Australian Baby “Must Haves” (First 12 Weeks)

Australian Baby “Must Haves” (First 12 Weeks)

Yes, yes, long time, no post. I’ve been busy. Busy working 60 hours a week, busy with a semi-surprise pregnancy, busy making sure my cat adjusts to my daughter, and of course, busy being Mummy to my little bumblebee girl.

So, yes, moving on with business. From the moment I saw that faint second line on a cheap pregnancy test one Saturday afternoon, I began compiling a list of all the ‘stuff’ I’d need to acquire to accommodate the new addition to our family. Ok, I may have started making the list a few months before that day. What? Pinterest is a dangerous place.

While attempting to put together my master list, I quickly came up to the roadblock of not living in North America. In case you didn’t know, the majority of the internet is geared toward residents of the US or Canada. This shouldn’t matter, except for the fact that when you live in Australia, many (read: MOST) of the products aren’t available. Similarly, money-saving tips aren’t applicable due to the lack of coupons, and generally higher cost of living here. The number of times I’ve added “Australia” to search criteria, only to find that a book or toy that is $12 in the US retails for $57 here, is high enough to make me grumble like a curmudgeonly panda. From Youtube to Pinterest, finding Australia-specific baby gear, pregnancy products, and postpartum advice proved too difficult a task, hard as I tried.

In the hope of easing this tremendous burden, I’ve pulled together a list of the products I’ve loved the most during Harper’s first three months of life. Obviously, this might change as she gets older, and not everything will be available throughout the country. I’m located on the Gold Coast, and have easy access to several “baby” shops, along with the usual haunts, like Kmart, Target, Big W, and major supermarkets and department stores. Where possible, I’ve included links for your use, as I currently lack all semblance of photography skills. On with it!

  • ALDI NEWBORN NAPPIES! ($4.29 per pack of 28)
    • This is my #1. Seriously, they’re amazing. Trust me; my daughter wears cloth nappies part-time, so I’m pretty diligent about what goes on her bum.Not only are these nappies cheapest, they’re soft, super absorbent, have an easy to read wetness indicator, and fit perfectly. I have yet to meet someone who doesn’t rave about the performance and quality of Aldi nappies. The package says that they’re meant to fit babies up to 5kg (11 lbs), but Harper successfully wore them until she was seven weeks old, and she weighted in at 6.02 kg at her checkup that week. We received some Huggies as a gift prior to her birth, and she was never able to wear them. We shoved one Huggies newborn nappy on her, watched the poo shoot out the side, and gave the rest of the package to my sister.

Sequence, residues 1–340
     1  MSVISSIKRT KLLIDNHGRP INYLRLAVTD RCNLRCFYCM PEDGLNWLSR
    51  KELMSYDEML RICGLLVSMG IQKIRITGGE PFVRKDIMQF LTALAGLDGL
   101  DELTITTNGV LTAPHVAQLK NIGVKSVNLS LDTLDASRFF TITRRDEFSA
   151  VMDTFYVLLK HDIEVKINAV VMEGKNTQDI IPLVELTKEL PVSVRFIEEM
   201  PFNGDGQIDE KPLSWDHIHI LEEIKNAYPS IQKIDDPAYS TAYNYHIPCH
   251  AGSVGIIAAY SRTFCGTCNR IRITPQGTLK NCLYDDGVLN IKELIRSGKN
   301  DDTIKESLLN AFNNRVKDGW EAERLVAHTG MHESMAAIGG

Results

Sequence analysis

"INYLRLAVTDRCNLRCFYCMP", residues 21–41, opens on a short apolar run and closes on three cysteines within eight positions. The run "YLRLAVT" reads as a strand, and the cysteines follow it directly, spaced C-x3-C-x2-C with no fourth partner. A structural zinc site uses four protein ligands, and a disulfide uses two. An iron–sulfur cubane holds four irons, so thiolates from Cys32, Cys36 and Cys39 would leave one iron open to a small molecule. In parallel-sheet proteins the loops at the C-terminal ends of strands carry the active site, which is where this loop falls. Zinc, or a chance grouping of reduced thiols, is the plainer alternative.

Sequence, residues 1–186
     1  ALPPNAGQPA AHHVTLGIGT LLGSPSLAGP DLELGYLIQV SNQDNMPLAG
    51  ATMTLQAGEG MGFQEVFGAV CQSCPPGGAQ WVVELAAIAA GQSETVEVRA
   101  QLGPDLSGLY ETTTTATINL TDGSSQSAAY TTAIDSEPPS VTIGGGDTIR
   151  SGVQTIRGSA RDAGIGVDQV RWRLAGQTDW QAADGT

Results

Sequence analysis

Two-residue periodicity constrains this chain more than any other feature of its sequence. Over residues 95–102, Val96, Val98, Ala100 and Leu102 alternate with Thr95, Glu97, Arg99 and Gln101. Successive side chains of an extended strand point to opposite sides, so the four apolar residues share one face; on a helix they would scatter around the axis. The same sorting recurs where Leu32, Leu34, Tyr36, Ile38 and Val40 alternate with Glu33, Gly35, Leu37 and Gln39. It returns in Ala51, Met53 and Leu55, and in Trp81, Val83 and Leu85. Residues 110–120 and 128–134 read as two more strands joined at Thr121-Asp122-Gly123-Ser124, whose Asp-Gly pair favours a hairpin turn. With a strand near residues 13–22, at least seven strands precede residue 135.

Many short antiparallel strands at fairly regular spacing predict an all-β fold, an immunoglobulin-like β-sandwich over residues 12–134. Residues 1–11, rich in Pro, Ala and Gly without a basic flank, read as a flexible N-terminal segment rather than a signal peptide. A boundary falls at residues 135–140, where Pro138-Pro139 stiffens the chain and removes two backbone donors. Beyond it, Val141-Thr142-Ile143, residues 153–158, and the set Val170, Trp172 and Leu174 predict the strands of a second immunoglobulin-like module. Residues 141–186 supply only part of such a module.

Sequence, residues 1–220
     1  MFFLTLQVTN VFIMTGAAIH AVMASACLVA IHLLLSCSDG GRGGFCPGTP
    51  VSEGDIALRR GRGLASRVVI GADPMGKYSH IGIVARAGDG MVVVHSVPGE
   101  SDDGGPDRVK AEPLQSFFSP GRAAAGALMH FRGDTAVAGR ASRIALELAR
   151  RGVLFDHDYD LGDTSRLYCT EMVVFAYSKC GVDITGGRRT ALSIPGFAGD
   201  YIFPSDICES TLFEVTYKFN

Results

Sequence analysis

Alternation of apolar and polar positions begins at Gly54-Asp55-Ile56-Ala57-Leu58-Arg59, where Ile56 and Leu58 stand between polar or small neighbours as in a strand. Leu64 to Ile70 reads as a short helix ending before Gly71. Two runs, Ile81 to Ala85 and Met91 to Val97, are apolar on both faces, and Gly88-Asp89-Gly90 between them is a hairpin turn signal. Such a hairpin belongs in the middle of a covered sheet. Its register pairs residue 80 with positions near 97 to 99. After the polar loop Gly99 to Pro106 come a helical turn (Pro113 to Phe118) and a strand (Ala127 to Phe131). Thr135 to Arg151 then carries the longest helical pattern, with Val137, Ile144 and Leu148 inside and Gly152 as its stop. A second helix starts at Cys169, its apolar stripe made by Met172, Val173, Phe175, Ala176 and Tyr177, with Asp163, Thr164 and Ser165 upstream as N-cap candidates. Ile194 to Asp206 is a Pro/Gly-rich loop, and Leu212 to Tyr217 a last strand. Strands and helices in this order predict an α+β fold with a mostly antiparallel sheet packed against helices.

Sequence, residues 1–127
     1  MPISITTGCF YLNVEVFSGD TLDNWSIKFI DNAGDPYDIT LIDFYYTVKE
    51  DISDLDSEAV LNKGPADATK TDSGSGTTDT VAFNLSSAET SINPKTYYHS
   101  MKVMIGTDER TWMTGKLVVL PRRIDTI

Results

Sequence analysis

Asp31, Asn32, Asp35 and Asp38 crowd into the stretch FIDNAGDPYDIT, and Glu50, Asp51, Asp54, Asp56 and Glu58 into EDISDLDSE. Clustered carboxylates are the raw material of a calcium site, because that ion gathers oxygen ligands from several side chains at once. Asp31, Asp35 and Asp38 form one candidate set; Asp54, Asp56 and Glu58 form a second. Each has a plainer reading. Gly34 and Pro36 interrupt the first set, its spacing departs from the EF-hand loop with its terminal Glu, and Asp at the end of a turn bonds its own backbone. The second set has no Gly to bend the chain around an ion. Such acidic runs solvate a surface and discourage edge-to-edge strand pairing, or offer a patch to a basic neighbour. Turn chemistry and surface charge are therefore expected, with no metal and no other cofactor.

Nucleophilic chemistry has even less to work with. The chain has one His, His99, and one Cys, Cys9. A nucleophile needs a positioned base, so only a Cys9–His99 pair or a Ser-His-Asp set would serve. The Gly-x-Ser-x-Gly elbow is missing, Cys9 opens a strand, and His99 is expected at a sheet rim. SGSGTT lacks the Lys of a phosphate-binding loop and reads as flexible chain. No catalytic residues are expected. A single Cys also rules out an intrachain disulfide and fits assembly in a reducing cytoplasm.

• DYMPLES SCENTED NAPPY SACKS ($6 for 400 at Big W)
    • As Harper’s bum is clad in cloth nappies part-time, I didn’t want to invest in a nappy bin that required refills. Instead, I use an inexpensive lidded trash can, and nappy sacks. Big W has the cheapest prices, and given what they’re used for, I don’t see the point in paying more than I need to.
  • Waterwipes ($7.50 per pack of 60 wipes at Woolworths or Coles)
    • No soap, fragrance, or other chemicals are present in these wipes. Just water. I’m all for having the least impact possible on my baby’s skin, and shy of using  a washcloth dipped in lukewarm water, this is it. The first six weeks are especially important in this regard, but we’ll be using the Waterwipes indefinitely. (EDITED 30/09/2016: My post originally promoted the Curash Simply Water wipes, which are touted as being 99% water. I’ve since learned that part of the other 1% is Methylisothiazolinone, which is linked to a host of nerve and skin-related reactions, and is banned from being in baby wipes in the EU. We promptly swapped to Waterwipes.)
  • GAIA BATH PRODUCTS (cost varies, found cheapest at Chemist’s Warehouse)
    • Organic, sweet smelling, gentle, and effective. Ok, and a little expensive. But, do you know how much product a baby goes through? Not much. It will take my daughter ages to go through the big bottle of Hair and Body Wash. In fact, I’ll probably have to help her use it up before it expires. I believe in spending my money where it matters most, and this is one of those cases. Harper loves “getting some Gaia” each day, and I can feel content with what I’m putting on her sensitive skin. Plus, the Moisturiser smells like Fruit Loops. Win!
  • TARGET ESSENTIALS WHITE BIBS ($12 for a pack of 10 from Target)